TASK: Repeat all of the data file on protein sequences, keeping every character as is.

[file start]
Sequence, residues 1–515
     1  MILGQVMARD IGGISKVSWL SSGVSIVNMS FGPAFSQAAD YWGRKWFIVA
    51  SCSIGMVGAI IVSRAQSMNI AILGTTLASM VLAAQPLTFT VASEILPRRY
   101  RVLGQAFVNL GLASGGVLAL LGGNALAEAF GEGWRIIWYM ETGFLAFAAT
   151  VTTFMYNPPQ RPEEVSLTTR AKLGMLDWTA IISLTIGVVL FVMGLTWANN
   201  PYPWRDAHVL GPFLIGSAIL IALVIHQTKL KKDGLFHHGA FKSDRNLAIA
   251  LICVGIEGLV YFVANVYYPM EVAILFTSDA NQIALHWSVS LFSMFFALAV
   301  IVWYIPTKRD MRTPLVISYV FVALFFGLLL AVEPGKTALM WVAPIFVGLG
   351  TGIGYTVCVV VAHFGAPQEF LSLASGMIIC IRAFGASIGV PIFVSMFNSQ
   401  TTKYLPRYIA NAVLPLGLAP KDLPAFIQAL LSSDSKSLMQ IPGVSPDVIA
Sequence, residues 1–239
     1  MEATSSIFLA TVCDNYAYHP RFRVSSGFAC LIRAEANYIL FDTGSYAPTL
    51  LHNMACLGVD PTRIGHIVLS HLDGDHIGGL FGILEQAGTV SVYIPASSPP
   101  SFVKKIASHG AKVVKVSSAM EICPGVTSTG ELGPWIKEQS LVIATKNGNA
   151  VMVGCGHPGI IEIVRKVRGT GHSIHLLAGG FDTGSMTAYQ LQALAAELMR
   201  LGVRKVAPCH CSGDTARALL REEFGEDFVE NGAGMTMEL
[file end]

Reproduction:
Sequence, residues 1–515
     1  MILGQVMARD IGGISKVSWL SSGVSIVNMS FGPAFSQAAD YWGRKWFIVA
    51  SCSIGMVGAI IVSRAQSMNI AILGTTLASM VLAAQPLTFT VASEILPRRY
   101  RVLGQAFVNL GLASGGVLAL LGGNALAEAF GEGWRIIWYM ETGFLAFAAT
   151  VTTFMYNPPQ RPEEVSLTTR AKLGMLDWTA IISLTIGVVL FVMGLTWANN
   201  PYPWRDAHVL GPFLIGSAIL IALVIHQTKL KKDGLFHHGA FKSDRNLAIA
   251  LICVGIEGLV YFVANVYYPM EVAILFTSDA NQIALHWSVS LFSMFFALAV
   301  IVWYIPTKRD MRTPLVISYV FVALFFGLLL AVEPGKTALM WVAPIFVGLG
   351  TGIGYTVCVV VAHFGAPQEF LSLASGMIIC IRAFGASIGV PIFVSMFNSQ
   401  TTKYLPRYIA NAVLPLGLAP KDLPAFIQAL LSSDSKSLMQ IPGVSPDVIA
Sequence, residues 1–239
     1  MEATSSIFLA TVCDNYAYHP RFRVSSGFAC LIRAEANYIL FDTGSYAPTL
    51  LHNMACLGVD PTRIGHIVLS HLDGDHIGGL FGILEQAGTV SVYIPASSPP
   101  SFVKKIASHG AKVVKVSSAM EICPGVTSTG ELGPWIKEQS LVIATKNGNA
   151  VMVGCGHPGI IEIVRKVRGT GHSIHLLAGG FDTGSMTAYQ LQALAAELMR
   201  LGVRKVAPCH CSGDTARALL REEFGEDFVE NGAGMTMEL